It takes effort and time on the part of senior management to develop business and innovation strategies, but the payoff is tremendous.   Ensure that your Product Managers are well-equipped with the strategic direction of your organization.  They will then be able to develop appropriate and aligned strategies for their products/categories.

The Product Manager’s role in defining new product development strategy

The following content provides an overview of the five key strategy documents that Product Managers should consider when developing their product/category strategy framework for guiding new product development.

Product Strategies

Product strategies help guide your organization in the development and evolution of categories, product lines and products.  The product strategy includes the goals for new product development within each category ( e.g. market share, revenue, new markets), the arenas of strategic focus (the markets, technologies, product types to be focused on), spending/resource allocation for each arena and a  timeline showing the planned new product introductions.

Platform Strategies

Platforms enable your organization to create new products faster and more efficiently by bundling together elements that can be common across multiple product lines.  A platform strategy guides your organization in the development of platforms and derivative products.  The important elements of the platform strategy are defining the capabilities and limitations of the platform, as well as creating the platform’s point of differentiation.  The platform strategy is also an integral part of developing product and technology roadmaps.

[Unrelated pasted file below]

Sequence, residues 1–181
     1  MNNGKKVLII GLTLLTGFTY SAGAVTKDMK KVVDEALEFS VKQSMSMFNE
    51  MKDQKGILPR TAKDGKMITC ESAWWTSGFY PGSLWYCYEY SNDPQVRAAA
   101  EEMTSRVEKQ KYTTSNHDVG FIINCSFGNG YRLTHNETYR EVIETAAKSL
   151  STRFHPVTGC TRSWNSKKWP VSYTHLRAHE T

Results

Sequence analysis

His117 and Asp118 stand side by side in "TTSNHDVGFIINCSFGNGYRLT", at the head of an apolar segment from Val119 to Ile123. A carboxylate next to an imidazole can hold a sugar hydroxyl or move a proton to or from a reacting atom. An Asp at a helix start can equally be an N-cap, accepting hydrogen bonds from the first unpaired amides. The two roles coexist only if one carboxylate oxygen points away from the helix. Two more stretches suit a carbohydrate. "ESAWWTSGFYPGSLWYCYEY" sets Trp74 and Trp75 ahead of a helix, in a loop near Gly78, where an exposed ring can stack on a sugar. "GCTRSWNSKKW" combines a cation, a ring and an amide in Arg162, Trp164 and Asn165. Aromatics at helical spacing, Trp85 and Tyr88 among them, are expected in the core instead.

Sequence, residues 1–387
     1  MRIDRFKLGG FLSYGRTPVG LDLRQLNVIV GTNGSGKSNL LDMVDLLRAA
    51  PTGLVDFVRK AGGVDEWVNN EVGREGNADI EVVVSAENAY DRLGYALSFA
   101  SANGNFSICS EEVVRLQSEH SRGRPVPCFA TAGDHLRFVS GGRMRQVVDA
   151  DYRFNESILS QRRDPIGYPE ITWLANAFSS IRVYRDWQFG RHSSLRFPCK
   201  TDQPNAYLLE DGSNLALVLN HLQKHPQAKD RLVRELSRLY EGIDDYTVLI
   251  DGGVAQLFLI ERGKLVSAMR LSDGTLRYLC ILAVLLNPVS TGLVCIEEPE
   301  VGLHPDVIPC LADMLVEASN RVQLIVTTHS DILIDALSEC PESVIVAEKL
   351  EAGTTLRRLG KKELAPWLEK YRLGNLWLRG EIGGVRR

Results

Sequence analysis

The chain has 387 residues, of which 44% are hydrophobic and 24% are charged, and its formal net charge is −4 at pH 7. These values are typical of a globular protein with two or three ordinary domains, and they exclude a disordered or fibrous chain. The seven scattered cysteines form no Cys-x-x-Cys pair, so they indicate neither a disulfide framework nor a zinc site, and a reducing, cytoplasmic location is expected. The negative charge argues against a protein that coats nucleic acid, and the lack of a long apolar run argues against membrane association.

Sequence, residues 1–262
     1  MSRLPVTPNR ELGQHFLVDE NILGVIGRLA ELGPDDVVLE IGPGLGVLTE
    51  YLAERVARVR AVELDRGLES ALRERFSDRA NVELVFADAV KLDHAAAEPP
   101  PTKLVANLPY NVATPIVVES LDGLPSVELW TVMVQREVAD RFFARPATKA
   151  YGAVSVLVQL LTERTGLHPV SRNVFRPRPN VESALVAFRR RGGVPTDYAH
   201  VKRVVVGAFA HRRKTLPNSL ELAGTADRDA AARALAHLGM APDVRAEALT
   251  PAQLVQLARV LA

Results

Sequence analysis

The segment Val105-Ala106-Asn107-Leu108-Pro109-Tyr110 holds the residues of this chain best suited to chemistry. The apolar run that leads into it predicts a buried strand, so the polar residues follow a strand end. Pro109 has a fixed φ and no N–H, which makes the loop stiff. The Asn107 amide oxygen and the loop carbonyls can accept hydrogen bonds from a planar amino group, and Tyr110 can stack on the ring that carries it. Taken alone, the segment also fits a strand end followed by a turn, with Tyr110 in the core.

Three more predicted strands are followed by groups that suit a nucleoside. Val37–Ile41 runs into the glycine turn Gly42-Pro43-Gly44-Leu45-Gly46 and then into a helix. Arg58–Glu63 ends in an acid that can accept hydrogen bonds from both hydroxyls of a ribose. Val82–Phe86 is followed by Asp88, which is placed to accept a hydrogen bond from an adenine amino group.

Market Strategies

Market strategies guide your firm in the development of markets and distribution channels.  The market strategy defines who the target customer is, what segments will be served, what is the value proposition or point of differentiation when compared to the competition, and what distribution channels are needed to reach the customer.

Technology Strategies

Technology strategies guide your organization in the acquisition, development and application of technology to gain a competitive advantage.   The elements of the technology strategy include identification of the source of technology, as well as the timing of implementation to support the product strategy timeline.

Product and Technology Roadmaps

Product and Technology Roadmaps provide the graphical representation of the current and planned evolution of products and platforms that match market need to specific technologies.   They basically illustrate the portfolio of projects that the organization needs to work on in order to achieve its business strategy and be successful.  It especially helps the organization with forecasting required technology and the skills that need to be acquired.

Communicating the New Product Development Strategy

To be effective, these strategies must be agreed to and supported by senior management, and clearly communicated to everyone involved in new product development. Progress against these strategies needs to be openly and continually monitored, with adjustments made to react to changing market, industry and technology conditions. We recommend monthly new product development portfolio review meetings and quarterly strategy meetings with the Product Managers presenting their findings to the senior management team.